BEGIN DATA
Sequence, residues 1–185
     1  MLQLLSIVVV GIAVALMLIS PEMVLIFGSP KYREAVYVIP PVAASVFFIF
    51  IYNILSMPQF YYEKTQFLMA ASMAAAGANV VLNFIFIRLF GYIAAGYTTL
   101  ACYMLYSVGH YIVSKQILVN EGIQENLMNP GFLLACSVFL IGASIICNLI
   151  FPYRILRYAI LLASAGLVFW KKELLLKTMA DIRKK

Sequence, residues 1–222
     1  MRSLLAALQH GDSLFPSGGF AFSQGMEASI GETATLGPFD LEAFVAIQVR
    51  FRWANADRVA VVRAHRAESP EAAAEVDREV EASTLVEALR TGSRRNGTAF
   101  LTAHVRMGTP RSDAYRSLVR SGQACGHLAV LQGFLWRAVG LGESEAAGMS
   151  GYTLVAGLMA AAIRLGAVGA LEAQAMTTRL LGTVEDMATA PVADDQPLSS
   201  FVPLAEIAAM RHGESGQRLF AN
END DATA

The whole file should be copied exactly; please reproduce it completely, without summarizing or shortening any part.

Sequence, residues 1–185
     1  MLQLLSIVVV GIAVALMLIS PEMVLIFGSP KYREAVYVIP PVAASVFFIF
    51  IYNILSMPQF YYEKTQFLMA ASMAAAGANV VLNFIFIRLF GYIAAGYTTL
   101  ACYMLYSVGH YIVSKQILVN EGIQENLMNP GFLLACSVFL IGASIICNLI
   151  FPYRILRYAI LLASAGLVFW KKELLLKTMA DIRKK

Sequence, residues 1–222
     1  MRSLLAALQH GDSLFPSGGF AFSQGMEASI GETATLGPFD LEAFVAIQVR
    51  FRWANADRVA VVRAHRAESP EAAAEVDREV EASTLVEALR TGSRRNGTAF
   101  LTAHVRMGTP RSDAYRSLVR SGQACGHLAV LQGFLWRAVG LGESEAAGMS
   151  GYTLVAGLMA AAIRLGAVGA LEAQAMTTRL LGTVEDMATA PVADDQPLSS
   201  FVPLAEIAAM RHGESGQRLF AN